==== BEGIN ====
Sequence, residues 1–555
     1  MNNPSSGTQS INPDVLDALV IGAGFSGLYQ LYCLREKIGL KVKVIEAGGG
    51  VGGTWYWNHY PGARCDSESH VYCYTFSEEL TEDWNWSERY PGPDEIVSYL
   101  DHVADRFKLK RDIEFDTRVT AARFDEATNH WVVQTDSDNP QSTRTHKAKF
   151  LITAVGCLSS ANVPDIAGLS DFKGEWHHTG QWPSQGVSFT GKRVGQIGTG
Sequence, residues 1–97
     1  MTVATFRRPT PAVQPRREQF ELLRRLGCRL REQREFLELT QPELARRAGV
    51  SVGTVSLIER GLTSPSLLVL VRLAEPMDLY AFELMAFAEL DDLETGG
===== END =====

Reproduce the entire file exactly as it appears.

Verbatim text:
Sequence, residues 1–555
     1  MNNPSSGTQS INPDVLDALV IGAGFSGLYQ LYCLREKIGL KVKVIEAGGG
    51  VGGTWYWNHY PGARCDSESH VYCYTFSEEL TEDWNWSERY PGPDEIVSYL
   101  DHVADRFKLK RDIEFDTRVT AARFDEATNH WVVQTDSDNP QSTRTHKAKF
   151  LITAVGCLSS ANVPDIAGLS DFKGEWHHTG QWPSQGVSFT GKRVGQIGTG
Sequence, residues 1–97
     1  MTVATFRRPT PAVQPRREQF ELLRRLGCRL REQREFLELT QPELARRAGV
    51  SVGTVSLIER GLTSPSLLVL VRLAEPMDLY AFELMAFAEL DDLETGG